•  Conduct an individualized assessment regarding the relationship between the criminal history and job duties by considering: 1) the nature and gravity of the offense, 2) the time that has elapsed since the offense and completion of sentence, and 3) the nature of the job sought.
    • Provide written notification to the candidate and include: 1) notice of the potentially disqualifying conviction/s, 2) a copy of the conviction history, 3) an explanation of the candidate’s right to respond before a final decision is made, 4) an explanation that the response may include evidence challenging the accuracy of the criminal information, and 5) the deadline for responding, which must be at least five business days after the notice. (If the candidate informs the employer s/he is obtaining evidence to support his/her position, the candidate must have an additional five days to respond.)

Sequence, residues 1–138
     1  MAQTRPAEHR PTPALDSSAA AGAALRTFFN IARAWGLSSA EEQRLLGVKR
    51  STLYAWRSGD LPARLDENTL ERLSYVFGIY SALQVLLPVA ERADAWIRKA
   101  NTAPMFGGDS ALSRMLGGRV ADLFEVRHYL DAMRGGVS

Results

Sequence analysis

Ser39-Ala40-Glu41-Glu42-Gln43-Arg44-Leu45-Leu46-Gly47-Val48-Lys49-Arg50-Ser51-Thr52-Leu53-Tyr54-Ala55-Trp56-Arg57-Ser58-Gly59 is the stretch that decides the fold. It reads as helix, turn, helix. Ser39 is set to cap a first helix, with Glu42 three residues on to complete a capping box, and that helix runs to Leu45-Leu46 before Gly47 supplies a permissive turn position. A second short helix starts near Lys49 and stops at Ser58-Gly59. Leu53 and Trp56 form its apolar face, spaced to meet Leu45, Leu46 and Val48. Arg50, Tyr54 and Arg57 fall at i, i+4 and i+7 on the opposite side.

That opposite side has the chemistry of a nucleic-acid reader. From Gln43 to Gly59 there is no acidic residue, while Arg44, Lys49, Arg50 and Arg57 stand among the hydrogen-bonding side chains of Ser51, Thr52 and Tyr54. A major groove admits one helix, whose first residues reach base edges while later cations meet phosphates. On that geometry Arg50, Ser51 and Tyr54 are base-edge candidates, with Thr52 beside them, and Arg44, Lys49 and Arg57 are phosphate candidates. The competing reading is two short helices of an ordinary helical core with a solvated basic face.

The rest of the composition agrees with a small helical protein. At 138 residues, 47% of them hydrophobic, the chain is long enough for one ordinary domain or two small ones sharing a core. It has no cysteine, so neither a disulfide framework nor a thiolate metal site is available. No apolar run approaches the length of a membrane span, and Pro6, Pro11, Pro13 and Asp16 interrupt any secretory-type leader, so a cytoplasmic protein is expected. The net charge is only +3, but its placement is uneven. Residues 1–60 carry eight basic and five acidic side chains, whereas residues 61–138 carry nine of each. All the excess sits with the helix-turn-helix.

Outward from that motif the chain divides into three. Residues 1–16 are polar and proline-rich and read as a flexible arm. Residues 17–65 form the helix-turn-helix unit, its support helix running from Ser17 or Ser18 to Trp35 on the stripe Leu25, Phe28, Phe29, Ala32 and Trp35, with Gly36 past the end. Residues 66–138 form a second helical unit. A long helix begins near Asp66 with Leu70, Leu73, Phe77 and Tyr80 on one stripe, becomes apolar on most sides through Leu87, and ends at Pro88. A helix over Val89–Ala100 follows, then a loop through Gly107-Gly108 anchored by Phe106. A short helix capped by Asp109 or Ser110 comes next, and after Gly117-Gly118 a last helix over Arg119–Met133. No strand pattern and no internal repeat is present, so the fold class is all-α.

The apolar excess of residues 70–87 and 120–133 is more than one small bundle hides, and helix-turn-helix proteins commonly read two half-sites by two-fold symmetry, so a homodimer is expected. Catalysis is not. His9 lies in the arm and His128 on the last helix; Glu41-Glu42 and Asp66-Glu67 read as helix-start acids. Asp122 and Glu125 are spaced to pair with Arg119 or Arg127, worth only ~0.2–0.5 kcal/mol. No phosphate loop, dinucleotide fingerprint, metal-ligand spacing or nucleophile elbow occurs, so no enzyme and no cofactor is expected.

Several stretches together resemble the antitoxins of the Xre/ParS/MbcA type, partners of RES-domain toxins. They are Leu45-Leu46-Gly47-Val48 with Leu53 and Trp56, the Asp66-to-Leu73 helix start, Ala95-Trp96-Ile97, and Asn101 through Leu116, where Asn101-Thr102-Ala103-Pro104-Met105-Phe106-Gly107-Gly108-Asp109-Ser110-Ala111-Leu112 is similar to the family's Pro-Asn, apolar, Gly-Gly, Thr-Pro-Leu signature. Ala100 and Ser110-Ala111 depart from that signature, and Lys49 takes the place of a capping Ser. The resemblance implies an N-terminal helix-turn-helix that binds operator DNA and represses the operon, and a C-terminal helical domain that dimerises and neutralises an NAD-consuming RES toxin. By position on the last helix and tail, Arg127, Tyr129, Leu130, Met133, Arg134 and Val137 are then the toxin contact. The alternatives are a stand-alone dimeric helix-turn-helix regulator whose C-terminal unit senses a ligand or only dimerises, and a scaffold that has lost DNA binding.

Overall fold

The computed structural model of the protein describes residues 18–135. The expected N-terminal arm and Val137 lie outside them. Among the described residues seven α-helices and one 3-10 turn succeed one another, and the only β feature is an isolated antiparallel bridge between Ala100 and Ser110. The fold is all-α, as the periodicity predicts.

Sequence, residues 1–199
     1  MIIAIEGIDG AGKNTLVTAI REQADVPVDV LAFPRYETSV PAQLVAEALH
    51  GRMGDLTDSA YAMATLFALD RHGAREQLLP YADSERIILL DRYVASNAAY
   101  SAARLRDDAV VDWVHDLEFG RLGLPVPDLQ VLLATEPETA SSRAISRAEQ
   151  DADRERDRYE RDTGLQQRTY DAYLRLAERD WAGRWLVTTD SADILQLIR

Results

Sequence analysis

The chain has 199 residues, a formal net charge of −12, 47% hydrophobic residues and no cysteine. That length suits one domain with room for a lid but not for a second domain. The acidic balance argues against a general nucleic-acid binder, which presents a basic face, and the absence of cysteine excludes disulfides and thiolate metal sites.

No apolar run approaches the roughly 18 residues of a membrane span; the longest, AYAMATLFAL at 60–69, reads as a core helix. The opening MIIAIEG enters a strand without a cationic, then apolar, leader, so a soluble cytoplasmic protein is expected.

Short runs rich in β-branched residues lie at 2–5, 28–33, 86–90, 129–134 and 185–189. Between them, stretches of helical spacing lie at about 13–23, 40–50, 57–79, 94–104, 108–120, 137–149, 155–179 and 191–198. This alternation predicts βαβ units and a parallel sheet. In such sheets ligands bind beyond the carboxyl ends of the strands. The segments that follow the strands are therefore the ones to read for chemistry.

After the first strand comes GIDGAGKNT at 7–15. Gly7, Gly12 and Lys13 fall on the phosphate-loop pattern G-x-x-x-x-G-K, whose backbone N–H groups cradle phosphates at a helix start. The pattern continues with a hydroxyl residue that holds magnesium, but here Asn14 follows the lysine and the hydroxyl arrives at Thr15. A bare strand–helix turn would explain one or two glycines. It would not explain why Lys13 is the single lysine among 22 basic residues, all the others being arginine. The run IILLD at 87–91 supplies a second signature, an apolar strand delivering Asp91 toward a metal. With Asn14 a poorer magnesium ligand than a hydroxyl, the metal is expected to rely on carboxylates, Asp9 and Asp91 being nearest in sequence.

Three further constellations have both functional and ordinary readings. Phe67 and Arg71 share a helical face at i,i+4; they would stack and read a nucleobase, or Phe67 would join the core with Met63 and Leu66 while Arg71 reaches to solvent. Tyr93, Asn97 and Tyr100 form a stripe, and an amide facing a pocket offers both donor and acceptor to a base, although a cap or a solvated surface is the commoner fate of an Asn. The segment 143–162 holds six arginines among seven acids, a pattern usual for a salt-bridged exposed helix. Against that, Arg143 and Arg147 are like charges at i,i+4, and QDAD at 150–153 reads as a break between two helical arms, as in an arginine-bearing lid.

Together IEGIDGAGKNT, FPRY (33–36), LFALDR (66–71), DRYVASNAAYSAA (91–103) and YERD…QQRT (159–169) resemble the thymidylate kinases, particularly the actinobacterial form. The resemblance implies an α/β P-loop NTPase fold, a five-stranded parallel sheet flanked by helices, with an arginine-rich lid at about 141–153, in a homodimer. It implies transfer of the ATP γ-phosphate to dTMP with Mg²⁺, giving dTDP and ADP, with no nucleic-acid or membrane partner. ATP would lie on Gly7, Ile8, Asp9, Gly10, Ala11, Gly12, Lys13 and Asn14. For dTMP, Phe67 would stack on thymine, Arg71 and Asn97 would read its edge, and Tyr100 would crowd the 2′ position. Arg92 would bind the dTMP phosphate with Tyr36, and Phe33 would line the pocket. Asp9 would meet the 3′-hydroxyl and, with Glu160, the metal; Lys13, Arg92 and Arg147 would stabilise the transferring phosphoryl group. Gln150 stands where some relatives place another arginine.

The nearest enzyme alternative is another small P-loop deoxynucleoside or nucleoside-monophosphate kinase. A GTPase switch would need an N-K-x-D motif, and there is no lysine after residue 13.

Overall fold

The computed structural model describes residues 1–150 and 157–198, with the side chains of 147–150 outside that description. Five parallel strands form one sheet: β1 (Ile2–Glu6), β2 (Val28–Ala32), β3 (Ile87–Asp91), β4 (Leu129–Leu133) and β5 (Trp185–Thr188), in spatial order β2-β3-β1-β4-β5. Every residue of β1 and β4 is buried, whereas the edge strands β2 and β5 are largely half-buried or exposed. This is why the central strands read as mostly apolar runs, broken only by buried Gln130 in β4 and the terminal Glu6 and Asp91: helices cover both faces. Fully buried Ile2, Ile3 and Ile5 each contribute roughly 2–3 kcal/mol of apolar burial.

• Requires the employer, if making a final decision not to employ, to:
    • Inform the candidate in writing of the final denial or disqualification.
    • Explain the existing procedure, if any, the employer has for the candidate to challenge the decision or request reconsideration.
    • Inform the candidate of his/her right to file a complaint with the California Department of Fair Employment and Housing (DFEH).

The law makes exceptions for certain categories of employment including: 1) positions for which a state or local agency is required to conduct a criminal background check, 2) criminal justice agencies, 3) farm labor contractors, and 4) employers required by federal, state, or local law to conduct background checks or restrict employment based on criminal history.

It is important to note that the California Statewide ”Ban the Box” law does not supersede municipal ”Ban the Box” laws or affect any other rights a candidate may have under any other local ordinance. Employers must continue to comply with the requirements these types of laws in San Francisco and Los Angeles, each of which has its own unique requirements. Los Angeles, for example, requires employers complete a special form, Fair Chance Initiative for Hiring Ordinance (FCIHO), Individualized Assessment and Reassessment Form,” as part of the individualized assessment process.